Faculty & Staff

Carlos Monteiro, PhD

Lecturer in Sociology, College of Liberal Arts

Contact

Areas of Expertise

Punishment, Corrections, Reentry

Degrees

PhD, Northeastern University

Additional Information

View Professor Monteiro's Curriculum Vitae

Current Research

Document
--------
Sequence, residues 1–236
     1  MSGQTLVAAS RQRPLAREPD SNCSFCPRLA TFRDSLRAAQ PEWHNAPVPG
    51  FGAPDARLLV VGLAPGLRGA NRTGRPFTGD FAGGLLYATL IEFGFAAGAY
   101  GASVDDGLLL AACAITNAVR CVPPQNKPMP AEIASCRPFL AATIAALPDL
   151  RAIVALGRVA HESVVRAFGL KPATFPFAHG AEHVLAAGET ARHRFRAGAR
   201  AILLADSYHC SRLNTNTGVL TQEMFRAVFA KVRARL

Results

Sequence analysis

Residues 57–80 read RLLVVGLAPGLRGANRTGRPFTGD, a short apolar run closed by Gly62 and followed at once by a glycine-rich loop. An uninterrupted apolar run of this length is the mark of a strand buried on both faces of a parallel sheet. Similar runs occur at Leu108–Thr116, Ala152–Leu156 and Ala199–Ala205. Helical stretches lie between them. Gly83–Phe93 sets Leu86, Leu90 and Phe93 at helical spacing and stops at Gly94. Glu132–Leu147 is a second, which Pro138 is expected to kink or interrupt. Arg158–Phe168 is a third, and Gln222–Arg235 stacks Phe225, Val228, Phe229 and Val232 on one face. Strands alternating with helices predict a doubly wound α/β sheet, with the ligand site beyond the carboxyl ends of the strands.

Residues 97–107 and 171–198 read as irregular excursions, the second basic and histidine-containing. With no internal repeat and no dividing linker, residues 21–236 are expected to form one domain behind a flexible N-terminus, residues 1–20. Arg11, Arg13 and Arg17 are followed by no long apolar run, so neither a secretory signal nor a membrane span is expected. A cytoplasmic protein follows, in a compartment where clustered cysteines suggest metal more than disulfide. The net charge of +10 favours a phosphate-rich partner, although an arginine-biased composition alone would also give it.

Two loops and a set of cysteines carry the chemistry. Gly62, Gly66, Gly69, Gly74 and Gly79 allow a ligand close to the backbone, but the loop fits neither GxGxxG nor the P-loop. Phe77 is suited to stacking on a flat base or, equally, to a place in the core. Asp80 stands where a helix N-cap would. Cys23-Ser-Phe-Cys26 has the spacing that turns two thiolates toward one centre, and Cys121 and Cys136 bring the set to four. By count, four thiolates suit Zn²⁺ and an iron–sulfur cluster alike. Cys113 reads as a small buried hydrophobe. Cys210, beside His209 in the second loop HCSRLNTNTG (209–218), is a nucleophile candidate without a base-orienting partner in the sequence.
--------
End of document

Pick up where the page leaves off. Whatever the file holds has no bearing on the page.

Carlos Monteiro is a senior research associate at the Institute on Race and Justice at Northeastern University’s School of Criminology and Criminal Justice. Before joining the institute, Monteiro participated and led several research initiatives including his work for the Punitiveness Project, a grant-funded initiative documenting the exponential nationwide growth in the imprisonment of female offenders. He also led and assisted in other projects including an assessment of reentry programs and practices at the Dedham Correctional Center and a comprehensive recidivism study for inmates released from Middlesex County House of Correction. Carlos’ dissertation “Understanding Persistent Offending Among Incarcerated Offenders through General Strain Theory” examined the role that the stressors of living in prison might add to the strains otherwise experienced by inmates. Through weekly trips to two correctional facilities for over a year, he surveyed 171 inmates to understand how responses to these additional strains are associated with variations in levels of prison misconduct. Monteiro received his PhD from Northeastern University. His graduate education began at the University of Connecticut where he earned his master’s degree in education and before that, his bachelor’s degree in criminal justice from Westfield State College. His graduate interests at UConn centered on the factors affecting access and quality of higher education for young adults of color. Though his interests today are still tied to race and ethnicity issues, but within the criminal justice system, his main research has been on corrections and punishment with a specific focus on prison misconduct, recidivism, and reentry issues including collateral consequences of criminal convictions. Presently he serves as co-project director for a National Institute of Justice funded research examining the sources and impacts of stress in the lives of correctional officers.